Reading the recent Harvard Business Review article from Tom Davenport et al., it occurred to me that next best offer (NBO) is actually a subset of what my colleague Jim Kobielus calls “next best action” (NBA).

And when you couple that predictive thinking with advances in process mining (see Wil van der Aalst’s post and the “Process Mining Manifesto”), it clearly becomes possible to optimize operations dynamically on the fly. First of all, the organization could mine the existing system (the transaction logs of traditional systems or a newly implemented BPM/CRM system) to identify what happens today. This then enables you to identify the outcomes that are most interesting (or those you want to achieve) and then optimize the NBA accordingly.
 
We take for granted a process definition where the next action is predetermined by the arc of the process definition. But if we can do NBO in 200 milliseconds, we can also do NBA in a similar time frame. Directed arcs in process models and the business rules that go with them start to become a little redundant. This sort of combination (mining and NBA) enables wide-open goal-oriented optimization for all sorts of processes, not just those related to marketing and cross-sell/upsell ideas.
 
So to the prediction: I think we already have a few BPM/dynamic case management (DCM) platforms that can do NBA on the fly; so the next step, which I expect to see in 2012, is to see this predictive capability dynamically combined with process mining technologies. These platforms will also need to leverage complex event processing (CEP) and social technologies to really make them usable. Of course, all of that needs to be delivered in a compelling and accessible package.
 
We are starting to see the tip of this iceberg in the dynamic/adaptive case management area; no doubt, some of the usual suspects will claim they do it already.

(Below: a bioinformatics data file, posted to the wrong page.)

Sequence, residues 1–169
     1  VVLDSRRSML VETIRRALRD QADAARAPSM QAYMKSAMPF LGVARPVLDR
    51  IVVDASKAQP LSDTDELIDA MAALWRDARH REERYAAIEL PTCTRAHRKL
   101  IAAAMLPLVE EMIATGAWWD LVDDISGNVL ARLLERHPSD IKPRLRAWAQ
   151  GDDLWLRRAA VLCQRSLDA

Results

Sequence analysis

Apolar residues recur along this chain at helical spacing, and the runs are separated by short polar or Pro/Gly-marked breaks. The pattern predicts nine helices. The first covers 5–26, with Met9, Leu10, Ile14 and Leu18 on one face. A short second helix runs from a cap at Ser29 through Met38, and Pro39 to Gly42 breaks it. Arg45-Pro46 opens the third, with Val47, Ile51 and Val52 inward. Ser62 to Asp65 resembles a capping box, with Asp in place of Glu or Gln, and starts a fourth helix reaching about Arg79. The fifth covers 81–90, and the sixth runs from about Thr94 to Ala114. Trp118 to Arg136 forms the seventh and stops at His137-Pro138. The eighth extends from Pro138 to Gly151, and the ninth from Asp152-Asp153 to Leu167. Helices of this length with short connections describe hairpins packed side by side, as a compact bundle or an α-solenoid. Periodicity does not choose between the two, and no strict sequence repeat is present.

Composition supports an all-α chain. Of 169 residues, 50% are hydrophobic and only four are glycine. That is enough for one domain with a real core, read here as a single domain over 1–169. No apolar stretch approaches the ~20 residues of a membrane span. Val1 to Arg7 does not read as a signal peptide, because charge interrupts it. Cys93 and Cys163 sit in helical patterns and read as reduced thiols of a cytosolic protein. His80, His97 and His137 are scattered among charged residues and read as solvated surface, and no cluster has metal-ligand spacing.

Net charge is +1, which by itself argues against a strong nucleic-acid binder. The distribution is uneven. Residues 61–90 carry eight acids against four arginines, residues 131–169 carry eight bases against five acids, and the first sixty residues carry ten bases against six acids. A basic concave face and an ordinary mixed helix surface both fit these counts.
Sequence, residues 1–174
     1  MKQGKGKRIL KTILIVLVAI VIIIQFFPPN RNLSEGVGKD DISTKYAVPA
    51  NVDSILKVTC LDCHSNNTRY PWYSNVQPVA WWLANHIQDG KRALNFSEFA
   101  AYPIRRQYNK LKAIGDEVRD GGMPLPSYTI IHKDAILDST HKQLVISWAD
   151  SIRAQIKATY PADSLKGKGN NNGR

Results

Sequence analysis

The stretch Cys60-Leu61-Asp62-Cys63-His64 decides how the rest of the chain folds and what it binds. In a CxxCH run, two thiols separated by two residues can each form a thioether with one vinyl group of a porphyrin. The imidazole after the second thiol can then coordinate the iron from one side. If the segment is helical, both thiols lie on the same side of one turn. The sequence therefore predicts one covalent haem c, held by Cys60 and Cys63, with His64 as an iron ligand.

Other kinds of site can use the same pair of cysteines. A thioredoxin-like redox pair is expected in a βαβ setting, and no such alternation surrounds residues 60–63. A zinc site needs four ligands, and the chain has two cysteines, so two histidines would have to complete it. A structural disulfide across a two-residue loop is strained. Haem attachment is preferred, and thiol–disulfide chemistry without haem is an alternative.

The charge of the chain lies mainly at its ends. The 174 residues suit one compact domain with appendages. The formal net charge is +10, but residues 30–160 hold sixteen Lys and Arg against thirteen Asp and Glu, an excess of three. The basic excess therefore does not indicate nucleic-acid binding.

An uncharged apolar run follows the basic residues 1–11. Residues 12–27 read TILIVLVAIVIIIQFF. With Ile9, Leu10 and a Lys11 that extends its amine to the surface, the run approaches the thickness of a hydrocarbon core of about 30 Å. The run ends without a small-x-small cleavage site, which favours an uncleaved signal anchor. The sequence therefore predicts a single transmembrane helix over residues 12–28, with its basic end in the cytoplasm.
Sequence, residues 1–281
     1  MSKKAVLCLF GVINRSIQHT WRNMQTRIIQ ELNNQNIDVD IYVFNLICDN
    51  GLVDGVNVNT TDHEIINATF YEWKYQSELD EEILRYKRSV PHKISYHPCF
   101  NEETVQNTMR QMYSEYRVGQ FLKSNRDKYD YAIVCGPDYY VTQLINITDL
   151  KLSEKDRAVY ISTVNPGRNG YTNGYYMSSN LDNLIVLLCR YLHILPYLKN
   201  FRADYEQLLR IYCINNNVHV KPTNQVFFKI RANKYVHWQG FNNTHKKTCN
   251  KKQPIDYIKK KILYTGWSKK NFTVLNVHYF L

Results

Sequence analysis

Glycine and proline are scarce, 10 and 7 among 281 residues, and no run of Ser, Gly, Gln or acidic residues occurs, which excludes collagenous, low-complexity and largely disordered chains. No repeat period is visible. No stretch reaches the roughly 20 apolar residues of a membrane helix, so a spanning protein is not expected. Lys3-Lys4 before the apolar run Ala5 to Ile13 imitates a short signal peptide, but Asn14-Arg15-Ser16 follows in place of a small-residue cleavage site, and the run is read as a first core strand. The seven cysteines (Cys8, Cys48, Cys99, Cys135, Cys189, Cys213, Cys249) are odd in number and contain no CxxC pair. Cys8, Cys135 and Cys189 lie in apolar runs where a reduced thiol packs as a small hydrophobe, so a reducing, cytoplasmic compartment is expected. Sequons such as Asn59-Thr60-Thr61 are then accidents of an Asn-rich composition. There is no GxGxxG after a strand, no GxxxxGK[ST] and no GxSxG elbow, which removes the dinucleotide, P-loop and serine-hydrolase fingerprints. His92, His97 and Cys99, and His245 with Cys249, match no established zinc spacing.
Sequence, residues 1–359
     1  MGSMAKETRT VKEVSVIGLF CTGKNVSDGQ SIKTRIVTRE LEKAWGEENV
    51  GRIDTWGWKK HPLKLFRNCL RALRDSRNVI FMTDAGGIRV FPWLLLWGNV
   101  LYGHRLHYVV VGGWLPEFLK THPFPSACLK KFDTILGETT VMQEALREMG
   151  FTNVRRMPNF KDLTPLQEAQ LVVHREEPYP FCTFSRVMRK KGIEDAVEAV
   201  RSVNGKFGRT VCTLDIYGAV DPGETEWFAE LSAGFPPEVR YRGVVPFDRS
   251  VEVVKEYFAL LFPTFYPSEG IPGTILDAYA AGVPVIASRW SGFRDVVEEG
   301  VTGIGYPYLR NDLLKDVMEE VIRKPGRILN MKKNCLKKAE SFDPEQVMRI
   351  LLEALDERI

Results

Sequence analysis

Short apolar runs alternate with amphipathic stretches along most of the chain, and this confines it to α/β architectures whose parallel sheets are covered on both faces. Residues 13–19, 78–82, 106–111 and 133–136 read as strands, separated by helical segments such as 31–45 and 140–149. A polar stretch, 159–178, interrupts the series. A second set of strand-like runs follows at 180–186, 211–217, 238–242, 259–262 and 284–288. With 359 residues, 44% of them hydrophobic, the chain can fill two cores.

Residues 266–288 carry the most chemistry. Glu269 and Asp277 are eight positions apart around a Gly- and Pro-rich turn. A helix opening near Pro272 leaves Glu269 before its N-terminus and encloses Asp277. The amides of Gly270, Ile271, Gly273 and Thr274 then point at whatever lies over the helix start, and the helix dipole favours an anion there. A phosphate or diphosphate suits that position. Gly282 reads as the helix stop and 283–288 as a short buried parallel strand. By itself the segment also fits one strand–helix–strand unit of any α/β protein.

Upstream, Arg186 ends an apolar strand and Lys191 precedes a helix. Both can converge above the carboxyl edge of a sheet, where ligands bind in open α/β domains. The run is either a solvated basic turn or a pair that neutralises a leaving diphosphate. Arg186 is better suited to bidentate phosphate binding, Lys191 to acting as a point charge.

However, I think it will take a bit longer (say by 2015) before we see business models that really connect the dots to leverage this sort of capability. What seems to be generally missing is the management mindset to take advantage of this fundamentally new capability. When I posed notion this internally, our practice leader, Kyle McNabb, responded with this:
 
Here’s some food for thought based on recent discussions between our peers in the Customer Intelligence role team and folks at the Harvard Business Review, the New York Times, and the Financial Times. To summarize the frank discussions we had a few weeks ago with those editors about big data: All this technology is great, but organizations that don’t treat data literacy as a competency are doomed to be laggards. Western organizations have outsourced or simply removed too many important roles and skill sets over the past few years that would help address data literacy — business analysts, data analysts, and market researchers.

Most organizations now don’t have enough internal personnel who can objectively help their business identify which questions to ask, how data (including big data) can help answer those questions, and — more importantly — how analyzing data in different ways identifies new questions and answers that people are not now considering. These people have to be able to translate data into business terms and vice versa. All this technology without people skilled in data literacy (including the data scientists Jim Kobielus has blogged about) is akin to arming a baby with a machine gun. I’d be interested in understanding what firms like Nordstrom have done in terms of skills to make this work.

This blog originally appeared at Forrester Research.